1. Browse the Alumni Tool.

You can do this for your own alma mater(s) or even your friends and those with which you do not have any association or affiliation. Perhaps you want to learn more about the alumni at a graduate program to which you want to apply and where they typically go after they graduate. Maybe you are scoping out a company and want to see if you know anyone in your network who works there and with whom you could have an informational interview.

2. Respond to a professional group discussion.

Perhaps you have been observing discussions about a topic that really interests you and you are feeling ready to jump in. Or, share an article or resource you found that might be of interest to the group and pose question that arose for you when you read the article. Statistics show that engaging in discussions boosts your profile page views on the site by 425%!!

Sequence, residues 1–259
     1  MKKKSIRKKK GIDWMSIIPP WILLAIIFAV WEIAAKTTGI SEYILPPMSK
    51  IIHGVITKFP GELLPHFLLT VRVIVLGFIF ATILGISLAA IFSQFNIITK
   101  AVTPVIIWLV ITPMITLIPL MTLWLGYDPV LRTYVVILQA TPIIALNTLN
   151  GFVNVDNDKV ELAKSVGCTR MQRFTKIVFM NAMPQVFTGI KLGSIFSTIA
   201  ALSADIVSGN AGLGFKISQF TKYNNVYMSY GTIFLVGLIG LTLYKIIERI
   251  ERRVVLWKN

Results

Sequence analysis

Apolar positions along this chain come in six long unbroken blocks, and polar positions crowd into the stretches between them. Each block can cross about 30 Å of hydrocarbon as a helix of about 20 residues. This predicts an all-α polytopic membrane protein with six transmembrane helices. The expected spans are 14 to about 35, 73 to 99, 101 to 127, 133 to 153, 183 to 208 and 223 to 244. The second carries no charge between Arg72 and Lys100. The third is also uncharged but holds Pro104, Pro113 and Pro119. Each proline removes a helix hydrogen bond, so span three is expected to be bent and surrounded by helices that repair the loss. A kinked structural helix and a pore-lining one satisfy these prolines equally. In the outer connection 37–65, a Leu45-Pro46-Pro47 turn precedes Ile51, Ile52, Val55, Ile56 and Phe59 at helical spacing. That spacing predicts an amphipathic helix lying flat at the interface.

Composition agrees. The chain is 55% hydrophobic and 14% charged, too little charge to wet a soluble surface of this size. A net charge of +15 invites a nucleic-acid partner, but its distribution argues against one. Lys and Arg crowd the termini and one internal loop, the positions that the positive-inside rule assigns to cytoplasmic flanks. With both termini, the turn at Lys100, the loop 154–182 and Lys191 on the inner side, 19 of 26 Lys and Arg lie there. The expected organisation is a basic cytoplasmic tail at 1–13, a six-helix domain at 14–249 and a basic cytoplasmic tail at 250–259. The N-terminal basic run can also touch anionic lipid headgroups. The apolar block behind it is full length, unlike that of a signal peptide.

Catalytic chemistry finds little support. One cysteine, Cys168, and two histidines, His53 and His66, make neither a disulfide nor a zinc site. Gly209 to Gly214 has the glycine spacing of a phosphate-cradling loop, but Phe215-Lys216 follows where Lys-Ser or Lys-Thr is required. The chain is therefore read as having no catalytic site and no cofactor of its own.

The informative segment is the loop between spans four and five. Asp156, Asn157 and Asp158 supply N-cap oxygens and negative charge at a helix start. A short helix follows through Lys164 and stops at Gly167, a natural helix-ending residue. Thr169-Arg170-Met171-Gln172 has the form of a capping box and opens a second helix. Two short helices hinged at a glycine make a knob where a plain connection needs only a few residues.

3. Reconsider your headline.

As Lindsey Pollak says, it is your most prime piece of real estate online. You must take care to craft it and not just restate your position title (i.e. Student at XYZ College, Associate Director, Alumnae and Community Engagement). We are more than our title and we want employers to know what we are passionate about and the intersections of our interests. This is a place to indicate to employers that we are seeking an opportunity in specific industries. It can also encourage others to connect with us on other social media sites; I have my Twitter handle listed first. My headline reads:@MeghanGodorov I Speaker | Career Advocate and Educator for Women | Blogger | Community Builder

Like this article? Share it!
Facebooktwittergoogle_plusredditpinterestlinkedintumblrmailFacebooktwittergoogle_plusredditpinterestlinkedintumblrmail